Barristers warned over social media misuse “at all times”

Social media: Inappropriate comments warning

Barristers who use social media inappropriately will face disciplinary action even if they believe they are doing so in their private capacity, the Bar Standards Board has warned.

In newly issued guidance, the regulator also advised barristers to avoid getting drawn into “heated debates or arguments” online.

The extent to which regulators should sanction lawyers’ actions in their private lives has been a live issue of late, such as in the case of a senior finance partner at City giant Hogan Lovells rebuked for discriminating against his children’s pregnant nanny.

Meanwhile, a Bar disciplinary tribunal recently rejected an unregistered (ie non-practising) barrister’s argument that a “seriously offensive” tweet he sent was entirely unrelated to his professional role as a barrister and it was not the BSB’s role to police his private life.

The tribunal said anyone clicking on his name on the tweet was taken to his website, which stated that he was a barrister.

The guidance made clear that it applied to barristers in both a professional and personal capacity, “since the inherently public nature of the Internet means that anything you publish online may be read by anyone and could be linked back to your status as a barrister”.

It continued: “Remember that you are bound by Core Duty 5 not to behave in a way which is likely to diminish the trust and confidence which the public places in you or the profession at all times [the BSB’s emphasis].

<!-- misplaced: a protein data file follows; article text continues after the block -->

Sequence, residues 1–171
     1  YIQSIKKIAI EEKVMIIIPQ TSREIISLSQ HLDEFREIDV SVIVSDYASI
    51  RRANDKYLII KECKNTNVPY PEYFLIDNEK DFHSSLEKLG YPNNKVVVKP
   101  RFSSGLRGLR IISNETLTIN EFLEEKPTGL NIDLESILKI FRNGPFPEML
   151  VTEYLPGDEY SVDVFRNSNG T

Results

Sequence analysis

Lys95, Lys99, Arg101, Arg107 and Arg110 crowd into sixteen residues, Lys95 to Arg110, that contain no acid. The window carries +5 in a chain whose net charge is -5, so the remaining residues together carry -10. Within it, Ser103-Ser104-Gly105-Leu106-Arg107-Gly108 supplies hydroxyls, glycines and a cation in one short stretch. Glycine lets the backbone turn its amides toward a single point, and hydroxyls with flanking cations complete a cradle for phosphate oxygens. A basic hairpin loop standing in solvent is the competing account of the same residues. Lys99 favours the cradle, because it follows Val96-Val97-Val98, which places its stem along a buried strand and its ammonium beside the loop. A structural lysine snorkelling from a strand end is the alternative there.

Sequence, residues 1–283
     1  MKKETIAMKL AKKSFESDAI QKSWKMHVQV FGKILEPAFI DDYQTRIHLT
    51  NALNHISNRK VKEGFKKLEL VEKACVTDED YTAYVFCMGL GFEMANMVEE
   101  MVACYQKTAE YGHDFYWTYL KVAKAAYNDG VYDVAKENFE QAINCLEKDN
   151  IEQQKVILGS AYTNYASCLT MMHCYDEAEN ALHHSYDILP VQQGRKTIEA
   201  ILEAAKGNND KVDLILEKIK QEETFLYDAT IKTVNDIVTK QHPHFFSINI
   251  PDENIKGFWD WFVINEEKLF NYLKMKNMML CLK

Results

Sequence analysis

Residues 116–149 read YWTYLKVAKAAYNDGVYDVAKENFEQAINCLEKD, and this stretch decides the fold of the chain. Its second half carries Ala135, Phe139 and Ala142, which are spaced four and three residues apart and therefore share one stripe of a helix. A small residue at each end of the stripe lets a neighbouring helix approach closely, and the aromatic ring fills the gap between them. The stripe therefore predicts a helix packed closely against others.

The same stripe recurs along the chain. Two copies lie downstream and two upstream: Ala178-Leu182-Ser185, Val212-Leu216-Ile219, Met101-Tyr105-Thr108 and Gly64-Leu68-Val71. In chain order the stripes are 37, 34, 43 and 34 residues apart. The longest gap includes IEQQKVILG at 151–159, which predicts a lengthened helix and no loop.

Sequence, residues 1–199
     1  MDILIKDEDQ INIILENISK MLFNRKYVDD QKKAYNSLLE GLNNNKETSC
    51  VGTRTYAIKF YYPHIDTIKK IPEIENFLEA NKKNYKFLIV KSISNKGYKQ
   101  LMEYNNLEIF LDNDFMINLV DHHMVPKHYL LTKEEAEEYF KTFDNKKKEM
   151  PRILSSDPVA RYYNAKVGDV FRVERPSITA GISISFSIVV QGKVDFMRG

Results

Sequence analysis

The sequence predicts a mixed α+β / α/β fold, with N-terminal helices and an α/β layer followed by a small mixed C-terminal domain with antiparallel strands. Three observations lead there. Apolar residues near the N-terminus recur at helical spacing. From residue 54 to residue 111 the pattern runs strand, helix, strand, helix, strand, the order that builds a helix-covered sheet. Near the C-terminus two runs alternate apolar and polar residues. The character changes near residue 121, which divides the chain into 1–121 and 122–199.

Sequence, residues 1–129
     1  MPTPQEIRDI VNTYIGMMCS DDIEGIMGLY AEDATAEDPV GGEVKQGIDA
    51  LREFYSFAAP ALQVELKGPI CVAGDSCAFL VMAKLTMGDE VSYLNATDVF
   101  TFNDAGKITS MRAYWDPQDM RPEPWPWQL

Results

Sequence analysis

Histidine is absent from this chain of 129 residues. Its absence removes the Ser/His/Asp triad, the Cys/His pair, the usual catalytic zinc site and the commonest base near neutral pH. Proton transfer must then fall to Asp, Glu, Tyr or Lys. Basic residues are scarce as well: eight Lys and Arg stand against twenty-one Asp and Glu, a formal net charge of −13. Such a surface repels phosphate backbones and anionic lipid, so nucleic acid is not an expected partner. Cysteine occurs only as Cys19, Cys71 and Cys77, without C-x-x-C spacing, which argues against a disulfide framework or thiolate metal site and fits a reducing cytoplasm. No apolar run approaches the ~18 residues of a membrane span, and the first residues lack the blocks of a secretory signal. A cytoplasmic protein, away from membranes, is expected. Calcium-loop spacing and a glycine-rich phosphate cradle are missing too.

Unregistered barristers should also bear this guidance in mind when using social media; as members of the profession, they are expected to conduct themselves in an appropriate manner and are also subject to certain core duties and other rules.”

The guidance cautioned that comments designed to “demean or insult” were likely to diminish public trust and confidence in the profession.

“It is also advisable to avoid getting drawn into heated debates or arguments. Such behaviour could compromise the requirements for barristers to act with honesty and integrity (CD3) and not to unlawfully discriminate against any person (CD8).

“You should always take care to consider the content and tone of what you are posting or sharing. Comments that you reasonably consider to be in good taste may be considered distasteful or offensive by others.”

    Readers Comments

  • Min Grob says:

    This is a good step forward but does not go far enough. It needs to include barristers who ‘ like’ or share demeaning or insulting posts from anonymous ‘troll’ accounts, as well as those who share disparaging and vilifying information behind locked accounts, so that the person targeted is not aware of what is being said about them, but others are.

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